I'm not sure I fully understood this point. I suspect it gets developed further in the next novel. And I might just read that one and the one before when this whole project is over. There's at least one more Burroughs book in the box, and I look forward to reaching it.
Burroughs was neither the first to explore lost worlds, nor the last. But I think he understood the appeal of the fantasy as well as anyone. I don't think it's a coincidence that fictional lost worlds started to multiply as the industrial age kicked into high gear. It's easy to see the appeal of casting off technology and civilization in favor of the fantasy of a life free of restrictions. All those leftover Victorian morals could go out the window, which no doubt had its appeal, especially when there were Ajors about. But life on Caspak would also mean getting off the conveyer belt of slaughter facilitated by scientific progress. "I am glad," one of Tom's new friends tells him, "that I do not dwell in your country among such savage peoples." Continuing:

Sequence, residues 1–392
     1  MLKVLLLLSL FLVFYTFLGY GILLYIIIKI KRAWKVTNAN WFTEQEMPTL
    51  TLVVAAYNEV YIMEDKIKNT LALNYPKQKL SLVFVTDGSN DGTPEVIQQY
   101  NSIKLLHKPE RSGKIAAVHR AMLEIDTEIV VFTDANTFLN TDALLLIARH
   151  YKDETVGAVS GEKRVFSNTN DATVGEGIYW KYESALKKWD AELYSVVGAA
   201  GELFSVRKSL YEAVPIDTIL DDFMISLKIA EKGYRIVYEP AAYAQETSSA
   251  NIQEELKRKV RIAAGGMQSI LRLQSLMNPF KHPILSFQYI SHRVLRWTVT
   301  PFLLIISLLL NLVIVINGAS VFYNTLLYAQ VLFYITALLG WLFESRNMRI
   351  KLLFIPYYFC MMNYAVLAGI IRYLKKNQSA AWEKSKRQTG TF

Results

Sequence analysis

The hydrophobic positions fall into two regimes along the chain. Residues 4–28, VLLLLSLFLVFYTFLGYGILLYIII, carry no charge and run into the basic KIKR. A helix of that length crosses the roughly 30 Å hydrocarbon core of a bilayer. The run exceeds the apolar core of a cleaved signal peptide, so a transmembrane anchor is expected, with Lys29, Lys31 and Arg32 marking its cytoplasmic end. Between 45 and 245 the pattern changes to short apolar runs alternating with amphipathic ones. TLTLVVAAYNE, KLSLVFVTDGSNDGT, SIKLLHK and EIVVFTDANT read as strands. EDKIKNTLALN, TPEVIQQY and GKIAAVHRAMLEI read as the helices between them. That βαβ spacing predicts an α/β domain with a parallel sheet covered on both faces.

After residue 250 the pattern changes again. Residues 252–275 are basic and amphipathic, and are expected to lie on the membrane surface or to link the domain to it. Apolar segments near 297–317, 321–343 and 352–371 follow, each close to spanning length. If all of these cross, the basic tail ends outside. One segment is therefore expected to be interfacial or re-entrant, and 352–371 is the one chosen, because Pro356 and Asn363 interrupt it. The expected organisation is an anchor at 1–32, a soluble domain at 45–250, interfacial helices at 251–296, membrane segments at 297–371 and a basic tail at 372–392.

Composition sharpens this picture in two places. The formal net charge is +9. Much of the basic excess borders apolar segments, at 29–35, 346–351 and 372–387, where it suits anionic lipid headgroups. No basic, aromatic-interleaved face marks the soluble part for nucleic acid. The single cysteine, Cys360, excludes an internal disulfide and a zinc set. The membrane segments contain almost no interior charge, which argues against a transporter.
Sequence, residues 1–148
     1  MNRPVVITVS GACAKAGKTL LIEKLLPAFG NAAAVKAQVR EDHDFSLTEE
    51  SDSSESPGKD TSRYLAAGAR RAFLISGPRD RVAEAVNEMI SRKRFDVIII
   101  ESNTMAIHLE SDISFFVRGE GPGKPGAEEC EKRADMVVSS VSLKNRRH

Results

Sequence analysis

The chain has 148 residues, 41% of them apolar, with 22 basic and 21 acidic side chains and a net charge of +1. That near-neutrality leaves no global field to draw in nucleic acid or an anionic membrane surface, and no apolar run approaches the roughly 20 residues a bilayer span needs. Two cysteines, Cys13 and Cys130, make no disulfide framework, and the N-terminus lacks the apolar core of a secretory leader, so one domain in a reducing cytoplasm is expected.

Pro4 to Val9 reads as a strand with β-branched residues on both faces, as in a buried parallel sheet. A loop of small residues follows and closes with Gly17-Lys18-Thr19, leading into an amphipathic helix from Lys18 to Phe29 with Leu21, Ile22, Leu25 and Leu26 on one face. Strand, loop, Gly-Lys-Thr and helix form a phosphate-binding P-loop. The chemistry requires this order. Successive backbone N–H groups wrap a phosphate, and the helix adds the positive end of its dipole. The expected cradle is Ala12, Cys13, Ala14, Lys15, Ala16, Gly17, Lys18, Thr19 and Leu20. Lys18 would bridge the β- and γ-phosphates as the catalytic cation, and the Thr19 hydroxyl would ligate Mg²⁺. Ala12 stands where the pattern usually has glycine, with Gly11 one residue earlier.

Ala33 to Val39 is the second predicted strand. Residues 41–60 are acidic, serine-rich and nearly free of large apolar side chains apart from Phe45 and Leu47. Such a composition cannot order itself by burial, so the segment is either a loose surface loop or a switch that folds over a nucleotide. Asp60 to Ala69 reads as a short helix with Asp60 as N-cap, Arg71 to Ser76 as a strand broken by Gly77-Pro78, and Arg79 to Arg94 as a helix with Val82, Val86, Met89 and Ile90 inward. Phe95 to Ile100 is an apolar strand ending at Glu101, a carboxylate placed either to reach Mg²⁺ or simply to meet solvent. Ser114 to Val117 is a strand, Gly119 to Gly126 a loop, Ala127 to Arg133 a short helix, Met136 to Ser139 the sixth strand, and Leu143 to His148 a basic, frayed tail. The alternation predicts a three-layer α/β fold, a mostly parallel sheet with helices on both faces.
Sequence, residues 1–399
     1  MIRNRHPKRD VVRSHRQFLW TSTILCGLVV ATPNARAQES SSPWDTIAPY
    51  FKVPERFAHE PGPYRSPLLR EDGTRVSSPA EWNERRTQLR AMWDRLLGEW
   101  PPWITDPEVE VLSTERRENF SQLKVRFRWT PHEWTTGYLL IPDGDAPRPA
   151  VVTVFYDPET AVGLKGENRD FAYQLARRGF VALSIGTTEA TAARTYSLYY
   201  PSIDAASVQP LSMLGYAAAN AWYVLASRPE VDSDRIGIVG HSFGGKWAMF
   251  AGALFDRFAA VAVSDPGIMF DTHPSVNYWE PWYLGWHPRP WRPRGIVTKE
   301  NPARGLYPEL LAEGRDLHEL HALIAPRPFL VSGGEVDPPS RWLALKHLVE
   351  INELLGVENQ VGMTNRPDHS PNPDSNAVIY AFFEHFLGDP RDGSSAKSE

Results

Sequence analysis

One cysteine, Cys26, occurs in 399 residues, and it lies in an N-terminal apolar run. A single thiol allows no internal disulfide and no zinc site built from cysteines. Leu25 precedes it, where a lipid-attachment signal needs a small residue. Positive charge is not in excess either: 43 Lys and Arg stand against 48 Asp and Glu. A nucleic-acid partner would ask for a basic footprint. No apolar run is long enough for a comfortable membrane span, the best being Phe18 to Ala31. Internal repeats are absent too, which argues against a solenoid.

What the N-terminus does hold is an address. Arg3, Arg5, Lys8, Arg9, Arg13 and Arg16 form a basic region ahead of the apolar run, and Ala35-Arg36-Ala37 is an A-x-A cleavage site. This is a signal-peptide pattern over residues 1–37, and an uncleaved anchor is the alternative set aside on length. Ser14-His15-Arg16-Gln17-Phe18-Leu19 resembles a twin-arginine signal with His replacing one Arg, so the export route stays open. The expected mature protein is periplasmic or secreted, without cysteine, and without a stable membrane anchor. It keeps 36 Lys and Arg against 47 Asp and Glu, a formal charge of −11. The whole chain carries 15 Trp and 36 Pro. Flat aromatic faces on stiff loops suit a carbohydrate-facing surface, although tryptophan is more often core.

Here, in Caspak, men fight with men when they meet–men of different races–but their weapons are first for the slaying of beasts in the chase and in defense. We do not fashion weapons solely for the killing of man as do your peoples. Your country must indeed be a savage country, from which you are fortunate to have escaped to the peace and security of Caspak.
"Here was a new and refreshing viewpoint," Tom thinks. "Nor could I take exception to it after what I had told Al-tan of the great war which had been raging in Europe for over two years before I left home."
A further note before we move on. This book ties in with the 1977 movie The People That Time Forgot. The middle of the book contains stills from the film, but this being the 21st century and all, let's just take a moment to look at the trailer:
This looks to be a loose adaptation at best. That's singer-actress Dana Gillespie as Ajor, a friend to Bob Dylan, Mick Jagger, and David Bowie (who produced one of her albums and had her sing backup on one of Ziggy Stardust's tracks).
Next: The "original Buck Rogers novel," Armageddon 2419 A.D., by Philip Francis Nowlan
Then: Dr. No. by Ian Fleming